Some passengers, stranded, have to make the best of things. At the same time, airports are doing their best to help. An example is the Frankfurt Airport, which rolled out cots for those stranded to sleep on. Frankfurt Airport is also distributing food, personal hygiene items as well as diapers and baby food. Additionally, for passengers unable to access medications in their checked baggage, they have also implemented a pharmacy service. It's unclear how they will verify prescriptions, however.
It is not just passengers that are suffering, however. The World Health Organization (WHO) recommends that Europeans try to stay indoors if ash begins falling in their area. While WHO spokesman David Epstein said the agency did not know the exact health risks from the ash cloud, however, there would definitely be heightened risk for those suffering from asthma or other respiratory illness.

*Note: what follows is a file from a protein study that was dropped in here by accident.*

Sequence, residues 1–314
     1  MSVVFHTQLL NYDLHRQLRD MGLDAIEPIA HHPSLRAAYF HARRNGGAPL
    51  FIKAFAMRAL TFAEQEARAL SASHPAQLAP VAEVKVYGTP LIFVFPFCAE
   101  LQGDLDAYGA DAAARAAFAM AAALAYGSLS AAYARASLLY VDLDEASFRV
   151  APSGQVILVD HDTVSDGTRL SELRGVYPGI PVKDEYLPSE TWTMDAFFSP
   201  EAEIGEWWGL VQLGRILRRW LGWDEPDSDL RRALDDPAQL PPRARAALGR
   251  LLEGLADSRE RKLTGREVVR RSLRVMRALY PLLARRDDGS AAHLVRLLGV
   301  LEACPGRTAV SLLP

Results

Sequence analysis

In terms of the disruptions, German authorities halted flights to 11 of the nation's 16 international airports. That includes the aforementioned Frankfurt Airport, which is Europe's second busiest. British civil aviation authorities said there would be no flights over England until Saturday morning at the earliest.
Meanwhile, the disruptions may postpone Sunday's funeral for Poland's President President Lech Kaczynski and his wife, who were among those killed in an earlier plane crash. While that information was given by an official in the presidential administration, the couple's family later said the services would go ahead.
Dozens of world leaders, including U.S. President Barack Obama are due to attend the funeral at Krakow's Wawel cathedral in southern Poland. On Friday Krakow airport was one of only two in Poland still open.
Written by Michael Santo